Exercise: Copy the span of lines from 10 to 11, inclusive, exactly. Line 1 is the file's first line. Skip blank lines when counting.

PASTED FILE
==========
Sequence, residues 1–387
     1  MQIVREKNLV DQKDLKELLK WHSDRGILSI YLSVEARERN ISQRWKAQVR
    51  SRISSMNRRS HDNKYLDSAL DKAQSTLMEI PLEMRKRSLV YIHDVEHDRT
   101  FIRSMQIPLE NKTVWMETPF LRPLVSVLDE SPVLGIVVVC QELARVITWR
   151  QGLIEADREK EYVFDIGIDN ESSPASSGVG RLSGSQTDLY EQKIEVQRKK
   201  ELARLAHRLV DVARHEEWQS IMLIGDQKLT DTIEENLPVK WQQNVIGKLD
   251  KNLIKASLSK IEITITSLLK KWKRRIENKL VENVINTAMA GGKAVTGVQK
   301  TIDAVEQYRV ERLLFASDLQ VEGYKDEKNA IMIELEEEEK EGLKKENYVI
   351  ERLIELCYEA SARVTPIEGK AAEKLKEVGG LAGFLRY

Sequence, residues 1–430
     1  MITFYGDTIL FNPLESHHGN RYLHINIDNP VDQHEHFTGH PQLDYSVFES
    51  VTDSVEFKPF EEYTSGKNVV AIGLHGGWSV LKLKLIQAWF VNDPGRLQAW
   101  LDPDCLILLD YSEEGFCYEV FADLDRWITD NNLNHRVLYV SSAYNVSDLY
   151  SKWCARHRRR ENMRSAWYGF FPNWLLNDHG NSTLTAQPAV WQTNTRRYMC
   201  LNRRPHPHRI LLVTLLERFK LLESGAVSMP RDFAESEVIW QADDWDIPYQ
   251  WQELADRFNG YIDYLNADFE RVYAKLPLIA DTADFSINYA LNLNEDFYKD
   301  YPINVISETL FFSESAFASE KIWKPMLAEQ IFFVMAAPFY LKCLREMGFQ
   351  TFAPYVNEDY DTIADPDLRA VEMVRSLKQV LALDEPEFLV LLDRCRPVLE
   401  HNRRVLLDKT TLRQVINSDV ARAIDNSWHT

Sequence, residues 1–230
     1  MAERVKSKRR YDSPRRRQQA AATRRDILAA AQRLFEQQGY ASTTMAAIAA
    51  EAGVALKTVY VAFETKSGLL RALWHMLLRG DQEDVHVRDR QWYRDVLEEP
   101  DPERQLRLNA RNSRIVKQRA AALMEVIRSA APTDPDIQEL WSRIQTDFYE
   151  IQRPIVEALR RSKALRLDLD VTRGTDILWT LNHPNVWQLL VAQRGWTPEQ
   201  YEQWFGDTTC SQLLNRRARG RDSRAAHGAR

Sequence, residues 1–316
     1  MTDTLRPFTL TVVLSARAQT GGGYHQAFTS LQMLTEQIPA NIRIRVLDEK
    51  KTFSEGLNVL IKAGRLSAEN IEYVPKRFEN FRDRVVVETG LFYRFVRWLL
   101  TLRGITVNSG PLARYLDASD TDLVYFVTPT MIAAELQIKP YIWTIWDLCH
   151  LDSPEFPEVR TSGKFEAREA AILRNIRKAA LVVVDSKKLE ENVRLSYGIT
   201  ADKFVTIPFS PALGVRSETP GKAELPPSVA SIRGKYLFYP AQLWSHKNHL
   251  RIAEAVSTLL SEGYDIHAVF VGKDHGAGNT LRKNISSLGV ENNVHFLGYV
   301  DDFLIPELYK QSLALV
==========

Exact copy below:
Sequence, residues 1–430
     1  MITFYGDTIL FNPLESHHGN RYLHINIDNP VDQHEHFTGH PQLDYSVFES